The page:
Driving down Interstate 70, headed west toward St. Louis, Jesse Vogler looked out the window and was shocked to see a giant mound rising from the earth. Excited, he mistook a large landfill for The Cahokia Mounds State Historic Site, which preserves the remains of a prehistoric civilization.
That was 20 years ago. Now an assistant professor of design at Washington University, Vogler looks back at that moment as one of the first experiences to develop his interest in The American Bottom, the name some gave to the flood plain of East St. Louis and the surrounding landscape.
On Friday, he’ll launch a website titled “The American Bottom” that combines landscape photography, historical research and Google Maps that will allow users to learn about the area Vogler once thought was something else.
“It’s something that’s really somewhat embarrassing,” Vogler said of his mistake in the mid-1990s. “But I also take pleasure in this fact that I mistook and sort of misread this landscape so completely in sort of my 20-year-old naïve state.”
Vogler took that experience of “misreading the landscape” and used it as inspiration for the collaborative multi-media project, which attempts to gather local histories about changing economies and industries and show the effect these human elements have on the geography and natural environment of Metro East. It makes a very specific claim about the region.
“Essentially the story of St. Louis can’t be told without telling the story of the flood plains on the east side of the river,” Vogler said.
The locations range from The Cahokia Canal to Horseshoe Lake, Sauget to Wann River. Although the language surrounding the project may seem complex, the idea isn’t. The website was launched with the goal of answering one question: How has a human presence in the area changed the Metro East landscape over time?
According to Vogler, The American Bottom was a colloquial term for the region just east of the Mississippi River, much as Chesapeake Bay refers to a specific geography along the Mid Atlantic. The location is a floodplain bordered by the confluence of the Mississippi and Missouri Rivers to the North, the confluence of the Kaskaskia River and the Mississippi to the south, the Illinois bluffs to the east and the Mississippi on the west. Historically, the area was thought of as a land of inexhaustible soil fertility and high farm yield.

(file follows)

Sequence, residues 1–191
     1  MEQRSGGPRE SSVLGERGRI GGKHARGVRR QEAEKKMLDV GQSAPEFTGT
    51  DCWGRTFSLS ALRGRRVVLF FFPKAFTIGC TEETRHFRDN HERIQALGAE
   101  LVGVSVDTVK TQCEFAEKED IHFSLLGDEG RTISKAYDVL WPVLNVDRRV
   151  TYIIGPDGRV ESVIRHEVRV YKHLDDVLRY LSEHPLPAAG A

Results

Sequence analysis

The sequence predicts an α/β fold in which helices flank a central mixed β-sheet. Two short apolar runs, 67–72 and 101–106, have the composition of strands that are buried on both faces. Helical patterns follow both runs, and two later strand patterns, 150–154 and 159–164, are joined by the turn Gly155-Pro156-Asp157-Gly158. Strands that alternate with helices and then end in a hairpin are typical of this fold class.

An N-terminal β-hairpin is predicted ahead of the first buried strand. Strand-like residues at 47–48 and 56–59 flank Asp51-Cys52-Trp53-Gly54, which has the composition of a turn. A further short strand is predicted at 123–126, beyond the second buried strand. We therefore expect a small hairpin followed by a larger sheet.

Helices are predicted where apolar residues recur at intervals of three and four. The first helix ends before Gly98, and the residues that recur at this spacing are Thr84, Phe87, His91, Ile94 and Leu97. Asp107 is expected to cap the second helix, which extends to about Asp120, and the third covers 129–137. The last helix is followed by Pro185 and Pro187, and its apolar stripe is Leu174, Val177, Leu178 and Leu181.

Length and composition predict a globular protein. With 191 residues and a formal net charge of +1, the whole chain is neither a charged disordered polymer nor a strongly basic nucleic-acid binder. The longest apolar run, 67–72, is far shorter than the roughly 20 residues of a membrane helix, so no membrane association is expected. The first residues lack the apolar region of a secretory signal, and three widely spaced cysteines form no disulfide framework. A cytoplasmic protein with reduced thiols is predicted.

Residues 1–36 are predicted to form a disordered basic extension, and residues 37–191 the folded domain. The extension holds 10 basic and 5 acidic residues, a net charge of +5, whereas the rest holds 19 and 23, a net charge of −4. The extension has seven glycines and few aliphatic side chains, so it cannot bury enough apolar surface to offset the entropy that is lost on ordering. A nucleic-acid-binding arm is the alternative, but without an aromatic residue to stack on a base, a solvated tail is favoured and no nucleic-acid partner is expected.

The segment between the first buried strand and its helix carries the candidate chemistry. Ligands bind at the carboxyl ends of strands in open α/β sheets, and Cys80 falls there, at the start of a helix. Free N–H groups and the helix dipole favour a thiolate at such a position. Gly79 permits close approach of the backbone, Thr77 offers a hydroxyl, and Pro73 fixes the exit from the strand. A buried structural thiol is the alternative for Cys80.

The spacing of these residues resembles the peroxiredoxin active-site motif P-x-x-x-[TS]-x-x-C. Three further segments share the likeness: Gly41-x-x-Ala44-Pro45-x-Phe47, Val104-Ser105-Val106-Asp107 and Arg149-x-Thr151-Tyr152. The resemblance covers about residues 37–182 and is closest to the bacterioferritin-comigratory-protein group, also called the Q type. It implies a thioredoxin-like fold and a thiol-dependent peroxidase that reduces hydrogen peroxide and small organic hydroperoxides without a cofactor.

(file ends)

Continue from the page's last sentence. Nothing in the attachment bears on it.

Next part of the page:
Vogler said he hopes the website helps highlight the identity of the region as a coherent place.
“The project is an attempt to find the best way of discovering or uncovering the landscape and geographic boundaries,” he said.
Vogler developed the idea with his friend Matthew Fluharty, executive director of Art of the Rural, an organization dedicated to preserving and furthering rural art. The two spent many months out walking around the flood plain trying to find historical points and drawing out patterns of architecture and land formations. Together they met with local institutions and individuals, scaled the levees and wandered wetlands, traveling to many nooks and crannies in search of what gives The American Bottom geographic and historical coherence.
Along with historic images and Google Maps imagery, the site features photographs by Jennifer Colten, who has been documenting the area for more than two decades. Her images often capture the intersection of man-made elements and nature.
Colten said the project was a natural fit for her aesthetic as she’s interested in things that are both “beautiful and destructed.”
“Nature will really, literally march on in spite of us,” she said. “And I find that a very to be a really hopeful thing.”
Colten, a Boston native, shot images [link] that document the interaction of wetlands and oil refineries, the Mississippi and coal waste, trucking and the broad plains of southern Illinois. The new endeavor helped renew her love of the region and its surroundings.
“It’s beautiful and it’s destructed, these are the kinds of things that I’m looking for,” she said.
Photographs from several of the participants can be found on the site.
Vogler hired another Washington University professor, and local design firm founder, Jonathan Hanahan to build the project’s public face, a website with multiple functions. They wanted the site to reflect the expansive and multimedia nature of the project so they built the site with multiple features. The site acts as a map, visual archive and a set of “itineraries” — maps that people can explore online while reading about the area Hanahan hopes his design gives people the impression/sensation they are physically present at various locations in the area.
He also wanted to build a website that could be used to plan and map visits to various locations, while also providing a virtual tour to people outside the region. So, he built a platform that integrates Colten’s imagery, Google Maps, and text descriptions of locations and relevant history. He said using Google’s open source coding and trusting the ubiquity of the internet giant’s search capabilities provided a backbone for the site while allowing for creative freedom.
“A huge percentage of our users already have that built into their brains so there’s no point in us trying to reestablish that,” said Hanahan, “and what that allows us to do is distort in ways that create new experiences.”
The designer integrated the map functionality with writing by various intellectuals to create suggested journeys through The American Bottom called “itineraries.” This writing suggests various routes and organizational strategies for visiting different locations throughout the area.
These itineraries range from Gail Fritz and Angela Miller’s investigation of the relationship between land-use and agriculture in the area to Charles Lumpkin’s writing on the race riot of 1917 in East St. Louis and the influence of race on the area’s appearance.
An in-process version of the The American Bottom website will go public Friday.